the total energy.12 6. Z 2kT 6. 2kT  Z 2 2 Ngs B B sinh gsB B  =. 2kT Z B B Z = e+ 2kT + e.11 S = U + Nk ln Z T = . Z 2kT Ngs B B tanh gsB B  =. 2 gsB e. BV 6. gs B B n" = N e+ 2kT Z gs B B n = N e.CHAPTER 6.7 6. E : The entropy S : gs B B gs B B E = N . 1 gsB B 2 1g  B " = + 2 s B Using the Maxwell-Boltzmann distribution. 2kT Z2 N g  sinh gsB B  = VZ s B 2kT 1 N g  tanh gsB B  = 2V s B 2kT E = .13 where " = B . 2kT = 2 cosh gs2B B  kT gs  B gs  B 44 So 6.8 6. PARAMAGNETIC SYSTEMS "" = . NgsB B tanh gsB B  + Nk ln2 cosh gsB B  T 2kT 2kT The magnetization M : 1X M = V nj j j X + j B kT = VN Z j e gs B B gs B B 1 = VN 1 gsB e 2kT . 1 gsB Be+ 2kT + 1 gsB Be.6 6.10 where Therefore.9 6.

1.J + 1 y = 1y 1y e 2 .J.3 Spin J Quantum System Now we consider a system with total angular momentum J in an external B.P sum = ar .CHAPTER 6. +J +(J-1) 0 -(J-1) -J B=0 B mJ = . = e.yJ 2J X rn . G. 1.yJ  e ey . 11  6. 1 2 2 eJ + 1 y . e. e. Let y = gJ B B Therefore. 1 1 eJ +1y . ::::. PARAMAGNETIC SYSTEMS 45 6.J 6. J .J J X mJ =.Jy = ey .J . J Therefore there are 2J + 1 states. 2 = e. 1. "J = gJ B BmJ where gJ is the Lande g-factor an experimental quantity.15 = sinhJ + 1 y 2 sinh y 2 . the partition function.14 eymJ eymJ mJ =0 2J +1y .eld. 0. e. J X gJ B B Z= e = mJ =. ::::::. .

Z N e.CHAPTER 6.18 6. =Z "J gJ B BmJ 6. 2 coth y 2 2 2 Brillouin function 6.N @ @yZ @ = .21 1 1 BJ y = J J + 1  cothJ + 1 y . lnsinh y  2 2 1 J + 2  coshJ + 1 y 1 cosh y 2 .N @ ln Z @ ln @y = . 2 coth y  V 2 2 N g  JB y =V J B J 6.22 .NkT ln Z = . 2sinh y 2  M = N gJ B  1 V sinhJ + 2 y 2 1 1 = N gJ B J + 2  cothJ + 1 y .19 where We proceed to evaluate other thermodynamic quantities : Helmholtz free energy.NkT lnsinhJ + 1 y . F = . PARAMAGNETIC SYSTEMS Therefore.16 X Magnetization. U = .17 ln Z = lnsinhJ + 1 y . M = VN Z gJ B mJ e @Z = VN 1 @B Z N 1 @Z @y = V Z @y @B = VN gJ B @Z Z @y ln = N gJ B @ @yZ V gJ B BmJ 6.NgJ B BJBJ y 6. lnsinh y  2 2 Internal energy.20 6. 46 Then nJ = N e.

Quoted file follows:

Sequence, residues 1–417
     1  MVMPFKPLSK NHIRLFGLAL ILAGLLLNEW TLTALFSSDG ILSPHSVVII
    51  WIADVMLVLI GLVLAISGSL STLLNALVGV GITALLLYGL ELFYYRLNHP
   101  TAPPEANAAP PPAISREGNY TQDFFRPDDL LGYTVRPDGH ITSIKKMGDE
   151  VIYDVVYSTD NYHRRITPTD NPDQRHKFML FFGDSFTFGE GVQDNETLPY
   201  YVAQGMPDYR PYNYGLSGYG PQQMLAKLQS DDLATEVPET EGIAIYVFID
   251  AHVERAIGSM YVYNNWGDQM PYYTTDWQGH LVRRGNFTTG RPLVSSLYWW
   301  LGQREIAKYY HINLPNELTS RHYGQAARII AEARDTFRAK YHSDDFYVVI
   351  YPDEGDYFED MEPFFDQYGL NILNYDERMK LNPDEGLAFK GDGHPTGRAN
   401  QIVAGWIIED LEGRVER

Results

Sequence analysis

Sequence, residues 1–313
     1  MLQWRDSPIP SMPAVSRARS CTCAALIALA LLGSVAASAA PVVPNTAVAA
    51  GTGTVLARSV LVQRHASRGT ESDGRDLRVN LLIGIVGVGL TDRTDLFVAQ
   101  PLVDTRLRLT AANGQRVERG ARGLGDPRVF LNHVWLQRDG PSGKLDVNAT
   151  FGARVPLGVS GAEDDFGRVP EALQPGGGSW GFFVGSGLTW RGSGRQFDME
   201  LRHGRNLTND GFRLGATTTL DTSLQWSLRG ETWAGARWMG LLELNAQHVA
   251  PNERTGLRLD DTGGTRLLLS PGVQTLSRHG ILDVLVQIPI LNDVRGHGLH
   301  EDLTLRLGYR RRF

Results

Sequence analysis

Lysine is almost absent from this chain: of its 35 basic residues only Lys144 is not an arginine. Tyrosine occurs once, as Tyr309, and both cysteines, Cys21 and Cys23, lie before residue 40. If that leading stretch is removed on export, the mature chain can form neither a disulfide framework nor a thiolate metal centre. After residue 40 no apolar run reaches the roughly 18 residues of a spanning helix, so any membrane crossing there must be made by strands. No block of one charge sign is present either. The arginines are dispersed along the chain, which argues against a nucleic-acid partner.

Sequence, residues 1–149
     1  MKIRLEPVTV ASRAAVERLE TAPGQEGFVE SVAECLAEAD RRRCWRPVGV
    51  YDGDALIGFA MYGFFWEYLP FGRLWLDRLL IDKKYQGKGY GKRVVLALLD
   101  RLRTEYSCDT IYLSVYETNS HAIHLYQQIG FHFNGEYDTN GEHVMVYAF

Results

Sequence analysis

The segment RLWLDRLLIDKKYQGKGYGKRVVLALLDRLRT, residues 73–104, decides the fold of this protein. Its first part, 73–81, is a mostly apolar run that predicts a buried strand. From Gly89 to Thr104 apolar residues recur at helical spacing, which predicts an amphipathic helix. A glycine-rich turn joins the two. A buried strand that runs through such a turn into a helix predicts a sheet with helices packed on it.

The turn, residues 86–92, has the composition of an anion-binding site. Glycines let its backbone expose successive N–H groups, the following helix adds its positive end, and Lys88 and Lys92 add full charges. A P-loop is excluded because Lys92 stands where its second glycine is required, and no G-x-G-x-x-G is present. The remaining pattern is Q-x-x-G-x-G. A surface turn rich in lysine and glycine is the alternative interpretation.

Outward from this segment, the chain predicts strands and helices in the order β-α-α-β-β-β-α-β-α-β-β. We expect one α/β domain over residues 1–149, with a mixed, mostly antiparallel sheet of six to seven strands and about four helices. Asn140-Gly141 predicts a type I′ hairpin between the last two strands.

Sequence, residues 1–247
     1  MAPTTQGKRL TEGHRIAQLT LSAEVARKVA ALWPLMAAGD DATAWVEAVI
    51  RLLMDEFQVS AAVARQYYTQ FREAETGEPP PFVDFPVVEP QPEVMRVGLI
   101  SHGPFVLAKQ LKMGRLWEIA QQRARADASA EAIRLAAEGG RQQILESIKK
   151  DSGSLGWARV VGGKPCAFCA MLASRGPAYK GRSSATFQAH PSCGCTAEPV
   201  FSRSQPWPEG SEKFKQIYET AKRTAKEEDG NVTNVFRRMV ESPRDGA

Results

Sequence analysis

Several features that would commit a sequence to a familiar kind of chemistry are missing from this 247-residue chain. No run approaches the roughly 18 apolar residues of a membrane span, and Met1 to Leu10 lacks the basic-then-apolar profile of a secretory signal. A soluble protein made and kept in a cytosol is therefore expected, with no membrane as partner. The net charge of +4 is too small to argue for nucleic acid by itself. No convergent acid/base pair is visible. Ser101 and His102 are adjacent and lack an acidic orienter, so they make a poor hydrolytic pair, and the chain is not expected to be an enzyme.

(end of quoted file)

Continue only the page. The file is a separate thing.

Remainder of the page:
lnsinh y  T 2 2 At high T. NgJ B BJBJ y + Nk lnsinhJ + 1 y . x + x2 .x 6. 1 .CHAPTER 6. 1  1 + y  2 3 2 y 3 J + 1 y 2 2 1 2 1 1 J + 2  y .e 2x = e2x + 1 e . coth x = ex + e.27 . M = N gJ B J J + 1 y V 3 2 N gJ 2 J J + 1B = V B 3kT @ = 0 @B T 2 2 0J  = N gJ B 3kTJ + 1 V 1 Curie's law T 6. 1.26 6. y =J y+ 3 y 12 = 31 J 2 + J y J y J + 1 = 3 6.24 So. and for small x. 1 BJ y = J J + 1  2 Therefore.25 so. x + 2x + ::: + x + 2x :::::2 :::: x 3 3 1 1 + x .1 x2 = 21 2 + 2x + 2x2 + ::::1 + x + 23 + ::: x 2 2 = 1 1 + x + x2 + :::1 .x e .1 x2 x3 x2 = 1 + 2x + 42 + :::: + 11 + 2x + 42 + 83! + ::::: . x2 . x2 + 2:::: = x 3 2 = 1 1 + x + ::::: x 3 1+x = x 3 x 47 6. y 1. PARAMAGNETIC SYSTEMS Entropy. 1 1 + J + 2 y  .23 . S = U + NK ln Z T = .